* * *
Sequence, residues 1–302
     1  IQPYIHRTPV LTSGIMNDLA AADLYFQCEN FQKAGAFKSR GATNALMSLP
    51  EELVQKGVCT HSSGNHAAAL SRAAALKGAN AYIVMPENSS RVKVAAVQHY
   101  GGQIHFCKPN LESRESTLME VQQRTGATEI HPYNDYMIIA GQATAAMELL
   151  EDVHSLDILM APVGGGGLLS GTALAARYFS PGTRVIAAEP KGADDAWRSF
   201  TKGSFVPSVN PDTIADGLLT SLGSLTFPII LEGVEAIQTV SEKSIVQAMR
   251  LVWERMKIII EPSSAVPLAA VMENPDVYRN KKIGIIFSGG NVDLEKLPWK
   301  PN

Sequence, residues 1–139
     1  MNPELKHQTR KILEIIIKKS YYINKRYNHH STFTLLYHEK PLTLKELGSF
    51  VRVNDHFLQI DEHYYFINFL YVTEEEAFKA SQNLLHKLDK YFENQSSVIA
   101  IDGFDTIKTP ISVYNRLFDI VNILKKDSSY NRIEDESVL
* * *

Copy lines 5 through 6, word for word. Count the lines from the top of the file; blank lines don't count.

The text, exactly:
   151  EDVHSLDILM APVGGGGLLS GTALAARYFS PGTRVIAAEP KGADDAWRSF
   201  TKGSFVPSVN PDTIADGLLT SLGSLTFPII LEGVEAIQTV SEKSIVQAMR